David Baluarte, director of the Immigrant Rights Clinic at Washington and Lee University, presents the keynote address of the 2019 SHECP Opening Conference, at Marymount University, June 7.

Baluarte spoke on the current American climate for migrants and refugees. He discussed the recent World Bank report entitled “Moving for Prosperity: Global Migration and Labor Markets.” This comprehensive report found an explicit relationship between poverty and migration. Baluarte’s body of research suggests that migration is economically favorable to both the migrants and the countries receiving them. His nuanced perspectives on immigration are especially important to a group of motivated young people who desire to make positive strides for justice and equity in their world.

Baluarte advised interns to question the real impact of their work for social change. This begins with humility and openness. He explained that communication is key in ensuring that communities are best served.

“Interns should work to understand the lives and perspectives of the people they want to help, as they will always provide the most reliable information about the effectiveness of interns’ efforts,” Baluarte said.

More broadly, the summer theme of the interdependency between migration and poverty, reflects SHECP’s commitment to seeking effective methods to combat poverty. The most successful interns have been those who contextualize their experiences within a holistic understanding of large-scale poverty. They have worked hard to challenge their perspectives to develop richer, deeper understanding of what a vocation in the service of others looks like.

SHECP ambassadors, who are program alumni, have testimonial evidence for the kind of growth that the summer brings. Laura Calhoun is a SHECP ambassador and current intern at Horton’s Kids, a youth academic support nonprofit in Washington, D.C. Calhoun noticed an incredible personal growth during her SHECP summer last year.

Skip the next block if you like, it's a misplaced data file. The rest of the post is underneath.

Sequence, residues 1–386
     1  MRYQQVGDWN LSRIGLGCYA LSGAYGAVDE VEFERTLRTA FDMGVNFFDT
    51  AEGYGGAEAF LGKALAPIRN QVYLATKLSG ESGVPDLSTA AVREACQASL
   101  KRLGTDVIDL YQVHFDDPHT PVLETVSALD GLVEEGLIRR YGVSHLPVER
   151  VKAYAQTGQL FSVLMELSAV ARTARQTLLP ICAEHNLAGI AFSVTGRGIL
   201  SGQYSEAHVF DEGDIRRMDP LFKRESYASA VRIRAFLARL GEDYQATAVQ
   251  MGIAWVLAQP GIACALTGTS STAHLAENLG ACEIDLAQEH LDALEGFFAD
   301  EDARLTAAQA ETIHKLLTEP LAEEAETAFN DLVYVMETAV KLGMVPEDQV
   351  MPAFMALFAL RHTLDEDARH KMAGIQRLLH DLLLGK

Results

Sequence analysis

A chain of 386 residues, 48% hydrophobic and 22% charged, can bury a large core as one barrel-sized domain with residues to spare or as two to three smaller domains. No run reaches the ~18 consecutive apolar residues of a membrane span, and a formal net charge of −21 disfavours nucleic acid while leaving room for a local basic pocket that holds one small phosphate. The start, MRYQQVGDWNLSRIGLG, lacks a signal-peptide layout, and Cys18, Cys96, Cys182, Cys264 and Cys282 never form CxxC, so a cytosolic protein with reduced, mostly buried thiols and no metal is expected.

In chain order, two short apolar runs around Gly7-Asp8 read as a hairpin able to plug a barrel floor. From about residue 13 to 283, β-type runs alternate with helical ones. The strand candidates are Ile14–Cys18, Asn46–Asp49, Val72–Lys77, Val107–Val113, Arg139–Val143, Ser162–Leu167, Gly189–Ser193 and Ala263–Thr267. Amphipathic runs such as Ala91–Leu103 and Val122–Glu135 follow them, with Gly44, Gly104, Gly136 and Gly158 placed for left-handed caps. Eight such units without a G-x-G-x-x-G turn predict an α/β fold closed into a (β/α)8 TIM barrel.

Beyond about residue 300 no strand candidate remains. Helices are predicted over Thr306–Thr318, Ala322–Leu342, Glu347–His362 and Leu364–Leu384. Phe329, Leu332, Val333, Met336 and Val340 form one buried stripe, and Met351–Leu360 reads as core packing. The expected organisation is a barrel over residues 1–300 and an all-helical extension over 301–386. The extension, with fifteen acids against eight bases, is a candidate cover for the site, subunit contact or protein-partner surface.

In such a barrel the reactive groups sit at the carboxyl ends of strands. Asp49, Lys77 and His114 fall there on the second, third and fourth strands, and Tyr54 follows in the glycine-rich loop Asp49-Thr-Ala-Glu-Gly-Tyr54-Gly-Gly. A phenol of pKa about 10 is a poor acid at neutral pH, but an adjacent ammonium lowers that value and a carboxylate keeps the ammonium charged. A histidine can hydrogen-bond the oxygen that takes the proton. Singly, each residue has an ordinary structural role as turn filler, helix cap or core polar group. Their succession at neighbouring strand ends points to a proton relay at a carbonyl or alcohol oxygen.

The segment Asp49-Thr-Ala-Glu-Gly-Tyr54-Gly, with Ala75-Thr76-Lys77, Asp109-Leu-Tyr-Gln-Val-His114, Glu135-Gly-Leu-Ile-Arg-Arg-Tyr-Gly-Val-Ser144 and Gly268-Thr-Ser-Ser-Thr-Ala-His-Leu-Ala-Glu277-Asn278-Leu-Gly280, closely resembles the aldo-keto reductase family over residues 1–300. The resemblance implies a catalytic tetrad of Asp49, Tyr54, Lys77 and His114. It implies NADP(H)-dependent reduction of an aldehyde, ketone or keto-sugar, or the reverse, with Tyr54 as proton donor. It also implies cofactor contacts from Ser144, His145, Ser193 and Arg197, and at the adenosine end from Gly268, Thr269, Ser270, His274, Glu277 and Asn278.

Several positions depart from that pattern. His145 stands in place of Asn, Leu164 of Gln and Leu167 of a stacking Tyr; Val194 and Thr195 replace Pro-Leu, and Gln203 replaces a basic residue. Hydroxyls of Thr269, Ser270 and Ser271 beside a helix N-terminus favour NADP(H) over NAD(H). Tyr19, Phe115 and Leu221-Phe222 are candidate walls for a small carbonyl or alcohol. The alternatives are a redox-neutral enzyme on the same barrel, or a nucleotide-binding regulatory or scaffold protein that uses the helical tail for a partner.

“I was interested in incarceration before the SHECP internship which is why I wanted to work at the juvenile detention center,” Calhoun said of her experience in Cleveland. “Working there completely changed how I viewed the world: going to a different city and meeting people who were my age with such different life experiences made me understand the importance of work with youth.”

Bright and early Saturday morning, SHECP interns gathered as cohorts to take busses, trains, and planes to their respective placement locations. They went out into the world, some feeling anxious and others feeling excited, all about to undertake a summer of profound service, learning, and growth. They will be met with challenges, opportunities, and new relationships. They will make small and large strides to better the communities around them. We are excited to hear from our interns as the summer goes on.

About the Shepherd Higher Education Consortium on Poverty: The Shepherd Higher Education Consortium on Poverty (SHECP), is a consortium of colleges and universities that are committed to the study of poverty as a complex social problem, by expanding and improving educational opportunities for college students in a wide range of disciplines and career trajectories. SHECP institutions support undergraduates toward a lifetime of professional and civil efforts to diminish poverty and enhance human capability. For more information, please visit ShepherdConsortium.org, or follow us on Twitter at @TheSHECP.

Print Friendly, PDF & Email